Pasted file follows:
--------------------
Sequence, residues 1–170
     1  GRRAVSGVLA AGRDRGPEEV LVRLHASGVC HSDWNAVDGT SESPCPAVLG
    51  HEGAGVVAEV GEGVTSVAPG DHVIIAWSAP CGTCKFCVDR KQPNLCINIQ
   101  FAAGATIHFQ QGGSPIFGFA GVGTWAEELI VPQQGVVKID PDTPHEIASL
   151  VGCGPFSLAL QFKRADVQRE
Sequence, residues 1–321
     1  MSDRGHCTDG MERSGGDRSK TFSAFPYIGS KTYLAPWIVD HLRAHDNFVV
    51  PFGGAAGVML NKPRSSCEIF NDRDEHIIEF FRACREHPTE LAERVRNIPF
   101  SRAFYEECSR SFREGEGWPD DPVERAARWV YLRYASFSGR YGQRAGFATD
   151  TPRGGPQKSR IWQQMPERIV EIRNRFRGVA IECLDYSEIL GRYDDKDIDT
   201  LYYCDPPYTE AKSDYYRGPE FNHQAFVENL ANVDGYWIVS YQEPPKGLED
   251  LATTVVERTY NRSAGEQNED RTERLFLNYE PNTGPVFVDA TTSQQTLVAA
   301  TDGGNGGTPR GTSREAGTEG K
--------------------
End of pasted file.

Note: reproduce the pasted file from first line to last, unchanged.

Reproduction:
Sequence, residues 1–170
     1  GRRAVSGVLA AGRDRGPEEV LVRLHASGVC HSDWNAVDGT SESPCPAVLG
    51  HEGAGVVAEV GEGVTSVAPG DHVIIAWSAP CGTCKFCVDR KQPNLCINIQ
   101  FAAGATIHFQ QGGSPIFGFA GVGTWAEELI VPQQGVVKID PDTPHEIASL
   151  VGCGPFSLAL QFKRADVQRE
Sequence, residues 1–321
     1  MSDRGHCTDG MERSGGDRSK TFSAFPYIGS KTYLAPWIVD HLRAHDNFVV
    51  PFGGAAGVML NKPRSSCEIF NDRDEHIIEF FRACREHPTE LAERVRNIPF
   101  SRAFYEECSR SFREGEGWPD DPVERAARWV YLRYASFSGR YGQRAGFATD
   151  TPRGGPQKSR IWQQMPERIV EIRNRFRGVA IECLDYSEIL GRYDDKDIDT
   201  LYYCDPPYTE AKSDYYRGPE FNHQAFVENL ANVDGYWIVS YQEPPKGLED
   251  LATTVVERTY NRSAGEQNED RTERLFLNYE PNTGPVFVDA TTSQQTLVAA
   301  TDGGNGGTPR GTSREAGTEG K